Wednesday, March 19, 2008

Weekend in West Yellowstone


I began going to West Yellowstone, Montana as a six-year-old, snowmobiling with my family. Those annual trips continued for two decades, and are some of my fondest memories. The sense of independence, piloting my own snowmobile; wonderment at the winter scenery and wildlife; respect for the elements when breaking down and getting caught out in blizzards; cozy times with family and friends.











Today, West Yellowstone is slowly wilting away. Regulations on snowmobiling in the Park have taken a toll, and what was once a healthy winter town is beginning to look like more of an "outpost" these days. It's a shame. Even at its late 1990's peak, winter visitation was a fraction of summer use (appx. 100,000 out of the 3 million annually), and it occurs on a protective layer of snow. Yet for some reason, special interest groups decided that snowmobiling in Yellowstone must be curtailed or eliminated. Meanwhile, millions of diesel trucks, buses, autos, motorcycles, camping, fishing, swimming and etc. continue unregulated each summer. Someone explain the logic to me, please.









But I digress. I now make the pilgrimage back to "West" on business every March, for the World Snowmobile Expo and SnoCross races. R.U. Outside is a sponsor of the event, plus we have a booth displaying and selling our winter boots, gloves, long johns, jackets, fleecewear and such. It's a great weekend, and the first public unveiling of the next season's new snowmobile models.











Snow conditions at this year's event were terrific, the most white stuff I've seen in West Yellowstone in nearly ten years. The SnoWest-built SnoCross race track was awesome, providing plenty of speed, jumps, turns and fun. It snowed off-and-on all weekend, but there were also windows of blue sky with pleasant temperatures. No complaints.











I enjoy the excitement and bustle of tradeshows and events...to an extent. Then, I need solitude, time for introspection and reflection. I have gone to the West Yellowstone Expo for 17 consecutive years now, and every year I make a point to get outside and explore a little. Some years that has been snowmobiling in the park, other years (when snow is low) riding my bike in the park, and other times (like this year) a nice ski tour outside of town.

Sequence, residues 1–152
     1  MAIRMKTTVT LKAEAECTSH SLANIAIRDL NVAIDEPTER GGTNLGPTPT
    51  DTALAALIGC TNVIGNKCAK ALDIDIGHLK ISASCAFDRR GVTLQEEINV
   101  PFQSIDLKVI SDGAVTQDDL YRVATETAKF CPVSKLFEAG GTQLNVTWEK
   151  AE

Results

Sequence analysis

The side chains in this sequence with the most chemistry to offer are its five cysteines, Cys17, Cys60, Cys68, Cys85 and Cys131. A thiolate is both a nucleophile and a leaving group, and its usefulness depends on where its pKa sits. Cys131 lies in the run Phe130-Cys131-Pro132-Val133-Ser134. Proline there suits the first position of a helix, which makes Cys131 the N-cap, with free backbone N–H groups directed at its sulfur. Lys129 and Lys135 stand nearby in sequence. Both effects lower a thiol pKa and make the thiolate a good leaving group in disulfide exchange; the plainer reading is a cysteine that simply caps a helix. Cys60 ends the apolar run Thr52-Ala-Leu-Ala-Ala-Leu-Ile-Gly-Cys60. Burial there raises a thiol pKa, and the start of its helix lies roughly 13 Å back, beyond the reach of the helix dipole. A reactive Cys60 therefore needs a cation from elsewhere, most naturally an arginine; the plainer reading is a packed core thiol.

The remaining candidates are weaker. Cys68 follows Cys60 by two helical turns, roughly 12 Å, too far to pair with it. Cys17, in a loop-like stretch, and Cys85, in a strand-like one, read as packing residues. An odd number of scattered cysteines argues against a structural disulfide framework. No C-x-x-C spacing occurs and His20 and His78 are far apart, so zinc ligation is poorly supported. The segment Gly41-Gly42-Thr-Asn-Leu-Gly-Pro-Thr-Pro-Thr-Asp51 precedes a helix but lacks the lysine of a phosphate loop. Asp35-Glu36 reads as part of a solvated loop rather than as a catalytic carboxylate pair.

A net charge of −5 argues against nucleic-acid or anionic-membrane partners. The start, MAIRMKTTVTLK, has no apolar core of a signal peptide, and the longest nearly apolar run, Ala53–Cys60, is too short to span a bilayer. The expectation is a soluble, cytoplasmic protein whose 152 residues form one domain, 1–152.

It's an incredible feeling to be standing there, alone, along the banks of the Madison River (world-class fly fishing) in our nation's first national park. Bison tracks are prevalent, wolves and grizzlies are roaming beyond any given horizon, and you can feel the presence of a vast, wild ecosystem. Priceless.













Driving home to Driggs, I passed an acquaintance out on his Sunday afternoon horse ride. The snow is still way too deep for any trail riding...so what the heck, just ride on the shoulder of the highway. It was a cool sight, and vintage Teton Valley, Idaho.

4 comments:

Anonymous said...

"Yet for some reason, special interest groups decided that snowmobiling in Yellowstone must be curtailed or eliminated."

And now the snafu cycle continues with special interest groups who deny the science and the will of the majority in the hopes of making a quick buck.
There are thousands of square miles surrounding yellowstone. Pleny of it snowmachinable. If snowmachining in the unprotected parts of the world just isn't as satisfying, maybe one can start by asking oneself why.
D.

Meg said...

Hi Joanne and Rick!

I am Kurt's girlfriend and he told me to check out your website. We are hoping to visit you guys later this June, so let us know if you will be around! I can't wait to see Driggs. Looks like a place I've only dreamed about.

Meg

Rick LaBelle said...

Here is the real question: why don't we protect it in the summer, a season with 3 million visitors (compared to less than 100,000 winter visitors)? It's like bailing water while ignoring the tsunami. Have you personally been to the park in both seasons? Ultimately, it is good that people care.

Rick LaBelle said...

Meg: hello to you, as well! Look forward to seeing you, Kurt and Abby up here.